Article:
Thursday, September 7, 2017

a barmen declaration for white christians in 21st century america...

On September 6, 2017 a "Theological Declaration on Christian Faith and
White Supremacy" was released in the United States for circulation, conversation and conversion born of repentance
. Taking their lead from the Barmen Declaration of 1934 (read this @ chr/barmen.htm) during the early days of Germany's descent into Nazi ideology and violence, the current declaration "represents an unprecedented gathering of Christian faith leaders from across the U.S. calling for a return to the liberating work of the Gospel and a rejection of racism and colonization." (read the full text @ Two thoughts come to me upon critical reflection on this important public witness:

+ First, there is always a place in the public life of Christ's Body, the Church, for theological clarity. To be sure, few contemporary Christians will ever know about this document - and fewer still will read it. Nevertheless, it stands as an insightful call to repentance at a moment in time that aches for light in the darkness. Not many in Germany knew about or read Barmen either and it became a rallying cry for the faithful throughout the world. Writings such as these focus our moral attention; give voice to the Christian convictions we share beyond aesthetic, liturgical, and historical differences; and awaken both courage and conscience when fear dominates our culture. I am grateful for the hard work my sisters and brothers in faith have given in drafting this document and urge your support. 

+ Second, the creation of such a document challenges believers to leave the safety of abstract commitments so that the Word of God's love can become flesh in our era. At a fundamental level, this declaration invites repentance - metanoia - an inward change of heart resulting in an outward change of ethical direction. Repentance moves us towards justice and away from self-centered habits born of privilege and power. In our era, one manifestation of a new life in Christ for White people of faith involves bringing white supremacy to the Cross so that it dies. The paradox of crucifixion and the promise of the Paschal Mystery where God's grace brings renewal beyond death are not disembodied theological doctrines. They are entering the way of the Lord through the narrow gate of trust.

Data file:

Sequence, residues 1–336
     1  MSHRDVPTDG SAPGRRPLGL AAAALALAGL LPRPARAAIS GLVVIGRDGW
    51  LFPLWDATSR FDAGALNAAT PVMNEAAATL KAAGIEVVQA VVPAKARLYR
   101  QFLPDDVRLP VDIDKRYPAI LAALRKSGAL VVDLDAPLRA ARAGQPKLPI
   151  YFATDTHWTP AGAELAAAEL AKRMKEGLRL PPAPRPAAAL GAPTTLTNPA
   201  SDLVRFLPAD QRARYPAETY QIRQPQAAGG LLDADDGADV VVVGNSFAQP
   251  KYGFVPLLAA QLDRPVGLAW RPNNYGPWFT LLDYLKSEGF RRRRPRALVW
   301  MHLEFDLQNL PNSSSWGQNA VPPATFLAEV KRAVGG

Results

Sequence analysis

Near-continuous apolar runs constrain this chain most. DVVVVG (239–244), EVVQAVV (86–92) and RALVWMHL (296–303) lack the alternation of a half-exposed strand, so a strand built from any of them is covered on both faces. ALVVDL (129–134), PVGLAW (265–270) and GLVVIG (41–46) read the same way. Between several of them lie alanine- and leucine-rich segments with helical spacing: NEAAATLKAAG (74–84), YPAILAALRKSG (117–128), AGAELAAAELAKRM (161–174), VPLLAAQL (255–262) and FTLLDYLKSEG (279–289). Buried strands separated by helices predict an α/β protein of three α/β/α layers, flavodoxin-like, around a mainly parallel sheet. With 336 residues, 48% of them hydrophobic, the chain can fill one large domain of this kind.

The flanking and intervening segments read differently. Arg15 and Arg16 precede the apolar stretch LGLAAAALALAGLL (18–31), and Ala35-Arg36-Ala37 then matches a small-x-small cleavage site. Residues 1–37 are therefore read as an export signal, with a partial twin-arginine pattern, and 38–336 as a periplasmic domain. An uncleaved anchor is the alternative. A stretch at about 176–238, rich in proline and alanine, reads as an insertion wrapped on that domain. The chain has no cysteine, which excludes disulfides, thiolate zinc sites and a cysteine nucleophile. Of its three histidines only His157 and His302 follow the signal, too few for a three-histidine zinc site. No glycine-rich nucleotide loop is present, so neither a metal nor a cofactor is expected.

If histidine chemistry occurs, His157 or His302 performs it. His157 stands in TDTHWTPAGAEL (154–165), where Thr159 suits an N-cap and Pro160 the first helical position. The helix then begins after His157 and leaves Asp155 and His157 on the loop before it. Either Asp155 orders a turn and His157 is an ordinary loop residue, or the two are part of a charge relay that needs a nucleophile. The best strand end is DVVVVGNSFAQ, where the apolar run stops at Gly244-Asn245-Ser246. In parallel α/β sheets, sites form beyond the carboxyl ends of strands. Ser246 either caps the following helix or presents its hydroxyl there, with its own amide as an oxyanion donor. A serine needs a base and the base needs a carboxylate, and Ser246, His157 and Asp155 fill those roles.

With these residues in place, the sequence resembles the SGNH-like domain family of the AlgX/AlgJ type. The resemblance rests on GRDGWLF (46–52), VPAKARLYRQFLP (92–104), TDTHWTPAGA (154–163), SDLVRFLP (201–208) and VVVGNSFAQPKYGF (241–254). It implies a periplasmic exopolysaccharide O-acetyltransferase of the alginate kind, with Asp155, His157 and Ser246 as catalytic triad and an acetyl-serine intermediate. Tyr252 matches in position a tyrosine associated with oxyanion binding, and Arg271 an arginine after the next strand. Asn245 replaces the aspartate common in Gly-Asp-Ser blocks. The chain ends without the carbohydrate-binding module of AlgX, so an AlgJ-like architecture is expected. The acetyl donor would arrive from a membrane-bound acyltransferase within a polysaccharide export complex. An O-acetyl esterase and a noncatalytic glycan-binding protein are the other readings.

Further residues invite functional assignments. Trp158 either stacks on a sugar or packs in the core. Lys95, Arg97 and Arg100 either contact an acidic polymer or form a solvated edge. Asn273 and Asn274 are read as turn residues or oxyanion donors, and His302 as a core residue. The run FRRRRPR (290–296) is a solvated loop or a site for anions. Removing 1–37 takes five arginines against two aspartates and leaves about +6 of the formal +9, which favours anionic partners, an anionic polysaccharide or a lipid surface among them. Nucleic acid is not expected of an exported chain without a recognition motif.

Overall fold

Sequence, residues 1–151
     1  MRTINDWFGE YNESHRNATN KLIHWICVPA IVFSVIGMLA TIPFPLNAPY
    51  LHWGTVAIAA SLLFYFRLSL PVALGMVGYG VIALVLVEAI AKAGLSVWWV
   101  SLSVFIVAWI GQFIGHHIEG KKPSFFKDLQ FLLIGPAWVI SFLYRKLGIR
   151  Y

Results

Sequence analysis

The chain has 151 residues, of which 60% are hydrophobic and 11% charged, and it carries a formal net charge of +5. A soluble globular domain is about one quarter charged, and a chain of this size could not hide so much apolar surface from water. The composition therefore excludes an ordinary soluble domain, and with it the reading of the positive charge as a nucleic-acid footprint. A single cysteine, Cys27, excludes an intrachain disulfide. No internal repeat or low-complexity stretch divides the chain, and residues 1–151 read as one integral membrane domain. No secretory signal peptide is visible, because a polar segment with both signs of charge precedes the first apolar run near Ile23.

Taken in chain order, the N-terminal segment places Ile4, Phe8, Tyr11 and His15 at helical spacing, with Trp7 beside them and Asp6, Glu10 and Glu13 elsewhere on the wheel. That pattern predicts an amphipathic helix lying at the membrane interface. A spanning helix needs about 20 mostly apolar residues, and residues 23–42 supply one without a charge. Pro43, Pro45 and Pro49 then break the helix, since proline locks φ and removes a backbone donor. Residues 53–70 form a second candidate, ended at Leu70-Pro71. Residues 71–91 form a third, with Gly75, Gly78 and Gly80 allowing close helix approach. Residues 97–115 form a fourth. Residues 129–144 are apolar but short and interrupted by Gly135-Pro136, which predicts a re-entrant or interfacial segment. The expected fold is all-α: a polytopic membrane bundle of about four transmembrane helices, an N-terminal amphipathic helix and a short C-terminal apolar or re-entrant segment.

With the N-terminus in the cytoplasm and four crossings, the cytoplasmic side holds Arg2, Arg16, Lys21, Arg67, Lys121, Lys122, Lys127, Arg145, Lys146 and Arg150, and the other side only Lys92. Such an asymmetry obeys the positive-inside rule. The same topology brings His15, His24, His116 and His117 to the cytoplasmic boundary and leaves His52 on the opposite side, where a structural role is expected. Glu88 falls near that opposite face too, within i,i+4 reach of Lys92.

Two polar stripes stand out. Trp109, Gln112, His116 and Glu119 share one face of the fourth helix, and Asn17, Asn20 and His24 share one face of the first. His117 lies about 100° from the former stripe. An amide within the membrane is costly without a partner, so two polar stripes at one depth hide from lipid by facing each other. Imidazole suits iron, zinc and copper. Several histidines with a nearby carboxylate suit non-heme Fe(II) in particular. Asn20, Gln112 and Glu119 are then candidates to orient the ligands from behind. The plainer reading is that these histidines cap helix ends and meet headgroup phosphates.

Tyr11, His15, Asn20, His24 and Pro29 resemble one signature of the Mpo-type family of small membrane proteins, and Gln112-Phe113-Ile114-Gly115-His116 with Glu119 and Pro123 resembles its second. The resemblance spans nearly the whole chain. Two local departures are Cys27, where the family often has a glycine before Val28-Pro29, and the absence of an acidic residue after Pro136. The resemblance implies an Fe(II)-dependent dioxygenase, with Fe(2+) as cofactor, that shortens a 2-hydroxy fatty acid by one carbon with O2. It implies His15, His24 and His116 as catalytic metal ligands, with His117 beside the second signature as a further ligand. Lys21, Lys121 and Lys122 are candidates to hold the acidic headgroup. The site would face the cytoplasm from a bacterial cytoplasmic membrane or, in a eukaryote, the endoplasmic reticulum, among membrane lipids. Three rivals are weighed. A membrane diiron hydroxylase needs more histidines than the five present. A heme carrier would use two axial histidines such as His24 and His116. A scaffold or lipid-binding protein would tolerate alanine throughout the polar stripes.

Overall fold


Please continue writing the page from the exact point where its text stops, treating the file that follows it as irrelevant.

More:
The following words come directly from the declaration and underscore what the ethics of Jesus mean for so many of us at this moment in time.

+ Jesus “is the head of the body, the church,” in whom “all the fullness of God was pleased to dwell.” (Colossians 1:18-19) Our faith is rooted in the incarnation, life, death, and resurrection of Jesus Christ, and his teachings claim authority in life and in death.We reject as false doctrine any other claim on our lives—whether contrived of state or reason—that violates Jesus’ ethic of the equal and inestimable dignity of all people, each created in the very image of God and as such equally created with the divine call and capacity to sustain, protect, and serve the world.

“For ‘In God we live and move and have our being’; as even some of your own poets have said, ‘For we too are his offspring.’” (Acts 17:28)

Our identity as the beloved of God belongs equally to one as to all—to deny or privilege the uniqueness of any person is to malign the image of God in the whole. We reject as false doctrine any hierarchy of human being that declares in word or deed the supremacy of any person or people group over and against other people or people groups. In this current context, we renounce white nationalism, white separatism, white supremacy, neo-Nazism, and any and all other movements that abide by the logics of domination and colonization.

“But speaking the truth in love, we must grow up in every way into him who is the head, into Christ, from whom the whole body, joined and knit together by every ligament with which it is equipped, as each part is working properly, promotes the body’s growth in building itself up in love.” (Ephesians 4:15-16) Our responsibility is to encourage and strengthen one another in love to the full work and witness of Jesus who loved, esteemed, healed and served all. This is what it means to be the global Church in God’s world. We reject the false doctrine that the work of Jesus is malleable to the political constructs of dominance and colonization; and therefore we actively, meaningfully, and tangibly resist any and all governing policies that fail to serve the basic needs, protect the inherent dignity, and cultivate the capacity of all to sustain, protect, and serve the world.